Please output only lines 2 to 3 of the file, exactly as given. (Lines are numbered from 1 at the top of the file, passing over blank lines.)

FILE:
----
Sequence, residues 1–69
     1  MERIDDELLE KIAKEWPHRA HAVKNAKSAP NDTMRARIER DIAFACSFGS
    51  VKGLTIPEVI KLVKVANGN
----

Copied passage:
     1  MERIDDELLE KIAKEWPHRA HAVKNAKSAP NDTMRARIER DIAFACSFGS
    51  VKGLTIPEVI KLVKVANGN